Rev Sam Allberry, a close friend of Tim and Kathy Keller, delivered a moving tribute at Tim Keller’s memorial service on 15th August. Here’s what he said
In a memorial service held at St Patrick’s Cathedral, New York City, for the late pastor and Christian apologist Tim Keller, Sam Allberry delivered a moving tribute. His words not only highlighted Keller’s tremendous impact, but also conveyed valuable lessons about the essence of the counter cultural Christian message – service and sacrifice.
Allberry began by acknowledging the outpouring of tributes since Keller’s death in May 2023. Intriguingly, few focused on Keller’s extensive accomplishments or gifts; instead, they celebrated his character:
“Few of these tributes mentioned Tim’s accomplishments, which were many and consequential, or his gifts, which were undeniably colossal. People have most remembered Tim’s character. Not what he did but who he was as a husband and father, as a mentor or pastor, and – for so many of us – as a friend.”
Allberry noted how rare it is for someone to possess such influence, yet remain humble and others-focused. This humility was not because Keller was extraordinary, but because he was following Jesus:
“The very qualities we’ve loved in Tim are all reflections of what can be found so clearly in Christ. What Tim was, imperfectly, Christ has always been, fully and completely. Jesus is, if I can borrow from one of Tim’s most memorable phrases, ‘the true and better’ Keller. So the best way to appreciate and understand Tim is to think about Christ.”
The crux of Allberry’s message revolved around a passage from Mark 10:45, where Jesus says: “For even the Son of Man did not come to be served, but to serve, and to give his life as a ransom for many.” This passage encapsulates both the heart of Christianity and the key to a fulfilling life.
Jesus’ mission to serve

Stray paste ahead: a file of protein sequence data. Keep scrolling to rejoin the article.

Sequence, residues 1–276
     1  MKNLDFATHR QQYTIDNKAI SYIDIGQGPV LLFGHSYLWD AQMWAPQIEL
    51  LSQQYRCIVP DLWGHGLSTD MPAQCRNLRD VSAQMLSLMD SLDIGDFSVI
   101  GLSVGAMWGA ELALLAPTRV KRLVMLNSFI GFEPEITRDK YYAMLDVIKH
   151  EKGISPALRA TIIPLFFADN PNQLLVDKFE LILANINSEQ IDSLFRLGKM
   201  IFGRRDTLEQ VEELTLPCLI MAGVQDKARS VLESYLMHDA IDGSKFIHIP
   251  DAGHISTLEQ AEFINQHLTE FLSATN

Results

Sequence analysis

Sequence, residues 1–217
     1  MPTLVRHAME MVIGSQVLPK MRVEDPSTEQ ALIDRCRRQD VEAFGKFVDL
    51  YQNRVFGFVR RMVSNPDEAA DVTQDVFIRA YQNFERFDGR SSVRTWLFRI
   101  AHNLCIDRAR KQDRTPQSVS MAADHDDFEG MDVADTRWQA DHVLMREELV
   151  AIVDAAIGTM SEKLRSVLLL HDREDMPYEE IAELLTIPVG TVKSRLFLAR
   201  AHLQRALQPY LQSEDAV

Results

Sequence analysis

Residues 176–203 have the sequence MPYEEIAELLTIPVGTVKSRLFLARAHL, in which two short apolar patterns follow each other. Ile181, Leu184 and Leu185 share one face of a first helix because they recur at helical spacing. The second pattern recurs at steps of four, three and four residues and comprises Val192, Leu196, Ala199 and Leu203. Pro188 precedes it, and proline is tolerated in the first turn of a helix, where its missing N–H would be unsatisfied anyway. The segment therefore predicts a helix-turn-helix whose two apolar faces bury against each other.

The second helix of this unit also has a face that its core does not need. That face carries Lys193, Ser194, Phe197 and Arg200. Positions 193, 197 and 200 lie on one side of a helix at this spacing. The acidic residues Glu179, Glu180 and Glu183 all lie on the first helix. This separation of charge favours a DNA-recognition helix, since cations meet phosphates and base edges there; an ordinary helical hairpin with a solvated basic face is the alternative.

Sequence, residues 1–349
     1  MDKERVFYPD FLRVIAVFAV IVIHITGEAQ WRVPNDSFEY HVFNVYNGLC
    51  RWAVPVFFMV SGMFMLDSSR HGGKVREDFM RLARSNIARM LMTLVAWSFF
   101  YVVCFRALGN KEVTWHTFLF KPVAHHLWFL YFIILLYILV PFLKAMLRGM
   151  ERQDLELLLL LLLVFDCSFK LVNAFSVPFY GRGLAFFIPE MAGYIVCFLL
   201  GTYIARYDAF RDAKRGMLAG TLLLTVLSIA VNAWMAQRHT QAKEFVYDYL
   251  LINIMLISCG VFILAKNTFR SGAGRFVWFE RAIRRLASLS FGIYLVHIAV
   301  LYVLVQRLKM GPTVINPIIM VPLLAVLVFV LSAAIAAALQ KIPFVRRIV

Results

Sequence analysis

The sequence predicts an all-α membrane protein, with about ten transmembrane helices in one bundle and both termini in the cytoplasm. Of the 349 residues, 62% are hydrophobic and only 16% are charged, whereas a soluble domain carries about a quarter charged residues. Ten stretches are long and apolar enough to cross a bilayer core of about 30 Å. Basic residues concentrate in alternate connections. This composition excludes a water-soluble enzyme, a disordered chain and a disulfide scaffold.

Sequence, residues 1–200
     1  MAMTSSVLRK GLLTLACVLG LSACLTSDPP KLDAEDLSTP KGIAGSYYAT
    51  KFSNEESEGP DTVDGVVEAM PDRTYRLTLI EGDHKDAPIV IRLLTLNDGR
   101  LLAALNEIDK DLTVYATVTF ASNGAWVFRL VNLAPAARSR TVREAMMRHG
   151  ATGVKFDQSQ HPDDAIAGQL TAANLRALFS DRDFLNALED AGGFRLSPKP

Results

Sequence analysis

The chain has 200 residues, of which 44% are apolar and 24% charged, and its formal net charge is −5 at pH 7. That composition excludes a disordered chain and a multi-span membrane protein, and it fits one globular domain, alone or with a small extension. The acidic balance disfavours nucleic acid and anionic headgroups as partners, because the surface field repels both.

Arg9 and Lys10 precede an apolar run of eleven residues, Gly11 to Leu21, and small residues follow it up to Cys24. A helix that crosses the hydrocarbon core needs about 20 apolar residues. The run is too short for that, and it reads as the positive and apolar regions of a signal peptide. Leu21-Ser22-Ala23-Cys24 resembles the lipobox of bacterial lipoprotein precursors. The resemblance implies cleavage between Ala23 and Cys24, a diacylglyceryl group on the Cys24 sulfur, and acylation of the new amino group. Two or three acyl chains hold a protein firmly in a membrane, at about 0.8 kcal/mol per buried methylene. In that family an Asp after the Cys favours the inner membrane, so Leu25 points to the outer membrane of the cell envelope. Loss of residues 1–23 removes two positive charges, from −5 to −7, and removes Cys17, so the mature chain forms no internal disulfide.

Allberry argued that our modern culture’s esteem for service is directly influenced by Jesus’ teachings. He maintained that even though we may be accustomed to service being viewed as a vocation, this mind set is primarily due to Jesus’ influence.
However, Allberry emphasised that Jesus’ service was not ordinary. Jesus referred to himself as “the Son of Man”, a title signifying divine authority from the Old Testament book of Daniel. Rather than wielding his divine power over humankind, Jesus claimed it was for serving humankind:
“Jesus shows us a new kind of power. One that is sacrificial, not predatory. One that exists not to take advantage of those who are weaker but to help them.”
This concept contradicts our typical view of power – in our world, power often equates to self-importance and having others serve you. But Jesus presented a different kind of power: power used for the sake of others and not self-aggrandisement:
“In the mentality of our world, the more power you have, the more people serve you. But not for Jesus. He claimed to be the one with greatest power, the one (by our metrics) who could most expect to be served, yet he says the whole point of his coming as the Son of Man is to serve. He’s the one whose sacrifice is not in spite of his power but the very expression of it.”
Jesus’ sacrifice as a ransom